- Software: Illustrator CS4 or later
- Project time: 1-2 hours
- Skills: Use the Pathfinder panel to knock out and combine shapes, Apply vector textures to shapes
- Download the support file here
In this tutorial, I'll explain how to create a T-shirt (opens in new tab) design by creating some cool retro graphics just a few simple steps. Using Illustrator (opens in new tab), we'll form some simple vector shapes (opens in new tab) with the Pen tool and then add textures for a retro aesthetic.
We'll also use the Pathfinder panel extensively, particularly the 'Add to shape area' and 'Subtract from shape area' commands. I'll then walk through how to add interest with a limited colour panel.
First of all, open T-shirt.ai from the support files: this will act as the background for your design. Build some geometric hand shapes in Illustrator using the Ellipse and Rounded Rectangle tools. The fingers are rounded rectangles that have been cut in half using the 'Subtract from shape area' command on the Pathfinder panel. The top shape will always subtract from the one below. When you're happy, hit 'Add to shape area' on the Pathfinder panel to make the hand one big shape. Make sure that you select 'Make Compound Shape' after you subtract or add, and then hit Expand.
Round off the areas where the digits join the hand by creating some curved shapes and hitting 'Subtract from shape area'. Next, duplicate the hand so that there's another one below. Rotate it 180deg to make a rectangle area: this is where we'll place the camera, as seen in the final image.
Using the Pen, Rectangle and Ellipse tools, create a range of geometric shapes. Then combine them to build up the image of a camera (or whatever you like). When you're happy, fill in the shapes with colour. Notice how you can use the dark blue in the background as a third colour for some in-laid shapes.
Let's add some detail to the eye using a dashed stroke. Select the Ellipse tool and create a circle just larger than the pupil. Click the dashed line option on the Stroke panel, and adjust the weight and dash values to form thin segments that go around the circle evenly. In the Stroke panel, change 'Align Stroke to Centre' to 'Align Stroke to Inside'. Next, select the shape and go to Object>Expand Appearance to change the selection from a dashed stroke to a shape. Use the 'Add to shape area' command to join it together. Do this again to make the 'click-wheel' shape at the top of the camera.
Open the vector_textures.ai file. Copy and paste the woodgrain texture over your T-shirt file, and scale and position it so that it fits over the camera appropriately. Now select both the wood grain and the shape you wish to subtract from.
Use the 'Subtract from shape area' command, select Make Compound Shape and hit Expand. Now we have a retro woodgrain panel on our camera. Head back to the vector_textures.ai file. Copy and paste the splatter shape over to your T-shirt file. Scale and position it over the camera, and select both the splatter and some of the circles that make up the lens shape. Go to 'Subtract from shape area', select Make Compound Shape and hit Expand to knock out some splatter. Go to Object>Arrange to keep the shapes in order once the splatter has been subtracted.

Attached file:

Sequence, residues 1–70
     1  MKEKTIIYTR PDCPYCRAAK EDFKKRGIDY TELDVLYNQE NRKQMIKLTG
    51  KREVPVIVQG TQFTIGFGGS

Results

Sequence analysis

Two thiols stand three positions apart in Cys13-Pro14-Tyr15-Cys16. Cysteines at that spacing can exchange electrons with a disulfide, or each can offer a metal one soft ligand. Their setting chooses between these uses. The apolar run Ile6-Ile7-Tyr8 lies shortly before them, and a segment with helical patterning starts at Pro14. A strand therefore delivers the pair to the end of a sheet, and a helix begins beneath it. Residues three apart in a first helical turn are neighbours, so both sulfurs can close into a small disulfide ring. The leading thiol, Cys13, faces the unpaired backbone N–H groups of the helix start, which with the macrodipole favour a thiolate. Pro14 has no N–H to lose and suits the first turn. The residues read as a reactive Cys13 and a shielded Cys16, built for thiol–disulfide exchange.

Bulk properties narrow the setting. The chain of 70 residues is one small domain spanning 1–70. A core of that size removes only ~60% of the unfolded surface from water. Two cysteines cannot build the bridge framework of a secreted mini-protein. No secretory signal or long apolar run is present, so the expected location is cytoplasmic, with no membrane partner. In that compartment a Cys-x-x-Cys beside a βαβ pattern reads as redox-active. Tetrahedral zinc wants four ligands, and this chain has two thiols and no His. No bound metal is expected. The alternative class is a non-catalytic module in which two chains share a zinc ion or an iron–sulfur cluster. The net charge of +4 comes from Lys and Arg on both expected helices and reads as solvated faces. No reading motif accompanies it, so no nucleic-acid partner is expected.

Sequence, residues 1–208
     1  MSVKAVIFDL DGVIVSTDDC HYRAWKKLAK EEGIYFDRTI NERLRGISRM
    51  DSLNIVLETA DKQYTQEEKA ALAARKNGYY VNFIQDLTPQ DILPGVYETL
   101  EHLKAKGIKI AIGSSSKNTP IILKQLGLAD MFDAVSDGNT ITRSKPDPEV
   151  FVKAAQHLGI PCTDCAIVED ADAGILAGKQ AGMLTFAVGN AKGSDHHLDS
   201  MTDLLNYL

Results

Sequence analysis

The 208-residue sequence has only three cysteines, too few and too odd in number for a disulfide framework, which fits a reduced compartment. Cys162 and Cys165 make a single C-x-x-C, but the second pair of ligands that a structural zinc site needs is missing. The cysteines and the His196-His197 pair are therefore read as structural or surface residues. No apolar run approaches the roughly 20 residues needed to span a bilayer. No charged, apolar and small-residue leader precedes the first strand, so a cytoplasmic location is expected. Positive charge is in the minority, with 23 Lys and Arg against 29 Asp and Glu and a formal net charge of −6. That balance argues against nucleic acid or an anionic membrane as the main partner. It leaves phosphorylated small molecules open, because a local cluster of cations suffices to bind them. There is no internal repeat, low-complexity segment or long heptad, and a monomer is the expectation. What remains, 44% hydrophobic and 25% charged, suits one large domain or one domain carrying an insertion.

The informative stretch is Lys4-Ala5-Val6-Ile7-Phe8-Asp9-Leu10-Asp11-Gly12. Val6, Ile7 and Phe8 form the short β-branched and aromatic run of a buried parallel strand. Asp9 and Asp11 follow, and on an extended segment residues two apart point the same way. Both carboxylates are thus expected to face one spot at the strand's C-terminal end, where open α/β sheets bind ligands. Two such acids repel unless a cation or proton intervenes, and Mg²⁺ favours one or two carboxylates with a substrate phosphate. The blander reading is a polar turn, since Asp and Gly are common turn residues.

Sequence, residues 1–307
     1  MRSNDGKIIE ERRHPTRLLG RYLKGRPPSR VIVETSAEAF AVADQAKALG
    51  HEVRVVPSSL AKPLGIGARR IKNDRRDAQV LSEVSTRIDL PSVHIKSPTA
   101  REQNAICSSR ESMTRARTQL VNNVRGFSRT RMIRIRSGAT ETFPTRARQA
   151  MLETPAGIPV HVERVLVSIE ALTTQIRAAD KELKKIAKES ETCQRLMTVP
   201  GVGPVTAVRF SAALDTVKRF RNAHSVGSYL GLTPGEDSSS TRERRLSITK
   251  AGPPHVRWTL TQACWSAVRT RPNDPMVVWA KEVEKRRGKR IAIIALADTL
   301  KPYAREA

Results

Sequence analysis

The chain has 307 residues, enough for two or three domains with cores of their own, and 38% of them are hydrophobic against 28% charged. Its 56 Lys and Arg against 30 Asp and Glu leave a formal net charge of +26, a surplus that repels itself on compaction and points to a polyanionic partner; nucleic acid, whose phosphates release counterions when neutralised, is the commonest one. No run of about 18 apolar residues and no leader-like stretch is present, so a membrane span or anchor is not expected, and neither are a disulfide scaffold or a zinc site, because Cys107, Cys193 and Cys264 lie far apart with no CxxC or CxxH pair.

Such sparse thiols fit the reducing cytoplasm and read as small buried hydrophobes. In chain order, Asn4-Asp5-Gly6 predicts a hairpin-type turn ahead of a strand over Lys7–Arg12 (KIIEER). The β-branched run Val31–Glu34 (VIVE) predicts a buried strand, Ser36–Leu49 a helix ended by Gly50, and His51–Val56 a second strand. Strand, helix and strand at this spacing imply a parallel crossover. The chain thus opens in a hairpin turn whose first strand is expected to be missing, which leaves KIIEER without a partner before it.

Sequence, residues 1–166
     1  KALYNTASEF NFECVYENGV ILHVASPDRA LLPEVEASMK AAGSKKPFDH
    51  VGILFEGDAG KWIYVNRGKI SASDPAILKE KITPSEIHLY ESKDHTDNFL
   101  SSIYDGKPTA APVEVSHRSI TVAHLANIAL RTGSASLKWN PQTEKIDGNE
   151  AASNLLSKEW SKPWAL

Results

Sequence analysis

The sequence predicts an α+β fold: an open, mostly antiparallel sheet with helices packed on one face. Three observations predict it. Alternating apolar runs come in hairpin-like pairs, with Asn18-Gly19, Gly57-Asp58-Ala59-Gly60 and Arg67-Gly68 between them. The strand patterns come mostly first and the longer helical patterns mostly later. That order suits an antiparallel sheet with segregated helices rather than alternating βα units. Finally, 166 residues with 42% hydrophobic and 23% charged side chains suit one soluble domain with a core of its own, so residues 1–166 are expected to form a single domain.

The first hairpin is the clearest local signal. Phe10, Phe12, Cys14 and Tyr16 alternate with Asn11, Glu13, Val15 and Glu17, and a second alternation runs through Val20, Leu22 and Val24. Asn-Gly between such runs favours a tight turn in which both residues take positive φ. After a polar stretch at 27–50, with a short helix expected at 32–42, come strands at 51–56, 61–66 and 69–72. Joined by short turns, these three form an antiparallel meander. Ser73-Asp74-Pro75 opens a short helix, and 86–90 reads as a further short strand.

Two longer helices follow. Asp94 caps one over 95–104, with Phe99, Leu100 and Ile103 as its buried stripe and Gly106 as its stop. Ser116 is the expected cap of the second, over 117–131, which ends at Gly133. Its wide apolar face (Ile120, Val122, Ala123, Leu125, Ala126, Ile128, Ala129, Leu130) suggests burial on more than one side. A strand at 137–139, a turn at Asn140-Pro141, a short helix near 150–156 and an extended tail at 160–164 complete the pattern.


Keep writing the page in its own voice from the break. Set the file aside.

Let's add some dimension to the camera without using a third colour, gradients or anything that will complicate the T-shirt printing process. Select the Pen tool and draw some shapes around the camera. Combine these using the 'Add to shape area' command (don't forget to select Make Compound Shape and hit Expand).
Copy and paste the vector_textures.ai file over to your T-shirt and place it in the areas underneath the camera shape using Object>Arrange (paste it multiple times if needed). Combine your halftone shapes using the addition function. Now use the 'Intersect shape areas' command in the Pathfinder panel to cut what you want from the halftones. Select both the camera dimension shape and the halftone shape, hit 'Intersect shape areas', choose Make Compound Shape, then Expand. Make it the colour of the shirt.
We need to add some texture to the hands. Combine both hands with the 'Add to shape area' command. Duplicate them and move the copies so that they offset the original hands. Paste and arrange the halftones so that they're under the offset hands. Combine the halftone shapes and use the subtract tool to knock out the halftones with the duplicated hands. Now copy and paste the original hands in place. Arrange them so that they're above the dots. Select the new hands and the remaining dots, and use the 'Intersect shape areas' command to reveal a shadow on the hands. Make the dots light blue.
Draw some rectangles for 'arms' and arrange them so they're behind the camera. Now use the Pen tool to draw a shape that looks like a flash burst. Paste the halftone dots under the shape and use the 'Intersect shape areas' command to reveal a halftone flash burst. Lastly, delete some of the dots on the palm of the bottom hand and draw a rectangle to close the rounded parts of the hand. Use the 'Add to shape area' command to combine the hand and the rectangle. This hand now looks like the backside is facing forward. And you're done.
This tutorial first appeared in Computer Arts magazine.